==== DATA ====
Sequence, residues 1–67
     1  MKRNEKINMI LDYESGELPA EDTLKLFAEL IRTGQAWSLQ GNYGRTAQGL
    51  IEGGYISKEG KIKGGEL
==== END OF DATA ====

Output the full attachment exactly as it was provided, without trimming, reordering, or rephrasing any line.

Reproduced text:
Sequence, residues 1–67
     1  MKRNEKINMI LDYESGELPA EDTLKLFAEL IRTGQAWSLQ GNYGRTAQGL
    51  IEGGYISKEG KIKGGEL